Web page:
Federal legislation that would set up a commissioner of Indigenous languages won't help the many languages already endangered because of a shortage of speakers, a professor in Fredericton says.
"We are really facing the wall and especially with no child speakers," said Andrea Bear Nicholas, professor emeritus at St. Thomas University, who spent most of her career as the chair of Native studies at STU.
Bear Nicholas said Indigenous parents should have equal rights when it comes to their children being taught in their ancestral language.
"If Canada says it really cares about our languages, the idea of immersion schooling or of schooling conducted entirely in our languages, is really the Cadillac of how one will revive and revitalize a language," she said.
Under Bill C-91, an office of the commissioner of Indigenous languages would be created to protect and promote languages that include Cree, Ojibway, Oji-Cree, Mohawk, Mi'kmaq, Michif (the native tongue of some Métis) and Inuktut, among dozens of others that are still spoken in Canada.
Three-quarters of the 90 different living Indigenous languages in Canada are said to be endangered.
But if Bill C-91 goes ahead, Bear Nicholas said, Indigenous languages will be in more trouble than they are now.
"It contains no language rights specified, no obligations on the government to respect and honour them and no enforcement mechanisms," she said.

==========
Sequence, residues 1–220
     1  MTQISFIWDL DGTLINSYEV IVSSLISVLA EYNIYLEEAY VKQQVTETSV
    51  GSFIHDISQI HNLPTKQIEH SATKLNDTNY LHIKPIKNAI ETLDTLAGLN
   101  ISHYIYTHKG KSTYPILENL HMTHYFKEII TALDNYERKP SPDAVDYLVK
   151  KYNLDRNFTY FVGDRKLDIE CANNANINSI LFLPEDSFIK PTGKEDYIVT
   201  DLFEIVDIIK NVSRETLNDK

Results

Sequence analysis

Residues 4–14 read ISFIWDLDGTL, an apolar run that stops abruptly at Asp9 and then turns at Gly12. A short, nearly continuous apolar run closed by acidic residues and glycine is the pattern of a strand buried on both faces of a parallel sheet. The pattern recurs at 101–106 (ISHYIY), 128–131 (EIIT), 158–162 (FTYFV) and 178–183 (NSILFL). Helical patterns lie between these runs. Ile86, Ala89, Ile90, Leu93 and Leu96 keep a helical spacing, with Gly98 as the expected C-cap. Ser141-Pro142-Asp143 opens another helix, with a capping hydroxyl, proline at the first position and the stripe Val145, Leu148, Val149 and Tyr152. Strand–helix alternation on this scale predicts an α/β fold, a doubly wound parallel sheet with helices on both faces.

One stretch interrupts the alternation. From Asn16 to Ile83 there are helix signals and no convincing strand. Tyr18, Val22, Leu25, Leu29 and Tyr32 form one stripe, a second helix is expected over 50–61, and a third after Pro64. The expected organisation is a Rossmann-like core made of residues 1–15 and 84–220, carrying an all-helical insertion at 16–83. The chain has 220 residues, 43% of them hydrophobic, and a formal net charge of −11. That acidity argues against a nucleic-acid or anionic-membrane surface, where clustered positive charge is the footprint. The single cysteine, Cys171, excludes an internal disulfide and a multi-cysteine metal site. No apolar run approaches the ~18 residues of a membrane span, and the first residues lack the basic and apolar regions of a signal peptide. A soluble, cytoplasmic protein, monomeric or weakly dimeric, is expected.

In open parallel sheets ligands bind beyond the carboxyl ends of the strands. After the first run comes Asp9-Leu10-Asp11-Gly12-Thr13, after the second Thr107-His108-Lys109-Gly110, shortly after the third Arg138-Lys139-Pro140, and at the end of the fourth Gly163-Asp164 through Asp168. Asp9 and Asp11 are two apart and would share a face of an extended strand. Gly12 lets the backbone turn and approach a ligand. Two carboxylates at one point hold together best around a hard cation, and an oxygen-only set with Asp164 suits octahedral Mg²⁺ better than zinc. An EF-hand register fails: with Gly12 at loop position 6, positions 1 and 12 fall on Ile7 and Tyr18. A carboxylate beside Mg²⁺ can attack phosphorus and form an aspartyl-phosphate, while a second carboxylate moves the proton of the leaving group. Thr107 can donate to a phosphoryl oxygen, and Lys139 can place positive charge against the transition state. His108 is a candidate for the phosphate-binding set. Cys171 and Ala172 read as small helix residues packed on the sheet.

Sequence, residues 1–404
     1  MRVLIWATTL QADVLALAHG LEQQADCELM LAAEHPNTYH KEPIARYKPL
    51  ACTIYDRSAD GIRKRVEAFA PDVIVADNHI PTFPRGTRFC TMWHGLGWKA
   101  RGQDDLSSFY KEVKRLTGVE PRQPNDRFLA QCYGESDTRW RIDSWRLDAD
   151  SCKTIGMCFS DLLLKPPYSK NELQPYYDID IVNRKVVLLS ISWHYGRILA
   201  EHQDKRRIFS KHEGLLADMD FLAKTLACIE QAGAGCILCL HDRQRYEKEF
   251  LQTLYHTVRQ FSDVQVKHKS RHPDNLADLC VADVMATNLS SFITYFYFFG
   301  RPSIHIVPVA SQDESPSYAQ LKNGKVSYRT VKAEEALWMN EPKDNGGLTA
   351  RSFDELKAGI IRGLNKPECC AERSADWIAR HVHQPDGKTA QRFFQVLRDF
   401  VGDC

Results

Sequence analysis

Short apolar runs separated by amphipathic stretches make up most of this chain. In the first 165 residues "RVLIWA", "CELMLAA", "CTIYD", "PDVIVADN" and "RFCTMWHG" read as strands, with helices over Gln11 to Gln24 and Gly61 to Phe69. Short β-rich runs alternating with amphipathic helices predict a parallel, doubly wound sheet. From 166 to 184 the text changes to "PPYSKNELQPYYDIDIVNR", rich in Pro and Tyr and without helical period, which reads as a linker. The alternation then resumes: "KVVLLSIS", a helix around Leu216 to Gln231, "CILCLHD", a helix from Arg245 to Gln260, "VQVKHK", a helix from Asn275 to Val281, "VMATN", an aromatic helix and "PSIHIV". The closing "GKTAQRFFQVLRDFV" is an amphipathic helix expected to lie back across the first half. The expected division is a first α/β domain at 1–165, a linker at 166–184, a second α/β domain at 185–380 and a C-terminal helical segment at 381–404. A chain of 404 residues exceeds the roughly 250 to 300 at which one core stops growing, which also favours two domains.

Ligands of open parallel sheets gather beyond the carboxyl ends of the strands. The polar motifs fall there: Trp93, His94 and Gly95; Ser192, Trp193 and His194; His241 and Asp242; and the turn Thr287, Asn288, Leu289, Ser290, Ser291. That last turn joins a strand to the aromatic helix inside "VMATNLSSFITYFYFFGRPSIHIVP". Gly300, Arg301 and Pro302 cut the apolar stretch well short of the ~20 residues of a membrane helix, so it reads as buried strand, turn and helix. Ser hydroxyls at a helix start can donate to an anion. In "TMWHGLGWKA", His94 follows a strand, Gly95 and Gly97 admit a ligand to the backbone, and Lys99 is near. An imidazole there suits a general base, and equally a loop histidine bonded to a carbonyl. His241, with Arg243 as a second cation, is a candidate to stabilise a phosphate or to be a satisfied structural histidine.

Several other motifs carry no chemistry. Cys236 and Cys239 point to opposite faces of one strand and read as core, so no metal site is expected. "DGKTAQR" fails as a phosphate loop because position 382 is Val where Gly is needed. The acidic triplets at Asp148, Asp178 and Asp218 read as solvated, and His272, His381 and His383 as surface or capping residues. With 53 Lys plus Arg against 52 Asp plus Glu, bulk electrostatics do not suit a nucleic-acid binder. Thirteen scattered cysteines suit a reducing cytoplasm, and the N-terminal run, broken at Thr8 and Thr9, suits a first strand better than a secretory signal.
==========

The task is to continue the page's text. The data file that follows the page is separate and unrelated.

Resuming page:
On the matter of rights, the proposed legislation refers to Section 35 of the Constitution, which recognizes existing treating rights.
Revitalizing a language
Although the bill would not grant any particular Indigenous language official status, it would allow for the translation of federal documents into Indigenous languages and provide interpretation services to "facilitate the use of an Indigenous language in the course of [a] federal institution's activities."
Bear Nicholas said people who share her belief that language preservation starts inside the classroom shared their concerns with a Commons committee that looked at the bill.
"There is nothing to having a right unless you provide the means to achieve that right."
To do that, she said, there needs to be curriculum development, teachers need to be trained and children need to be immersed in the language.
"Those core language programs, they're taking our best speakers and putting them in a program," Bear Nicholas said. "That is obviously not going to work because our children are not required to think and function in all subject areas in our language."
Across Canada, there are immersion schools dedicated to Indigenous language, but Bear Nicholas would also like to see immediate funding for elders to assist in pre-school programs across New Brunswick.
"We would have speakers by the time those children are six years old," she said.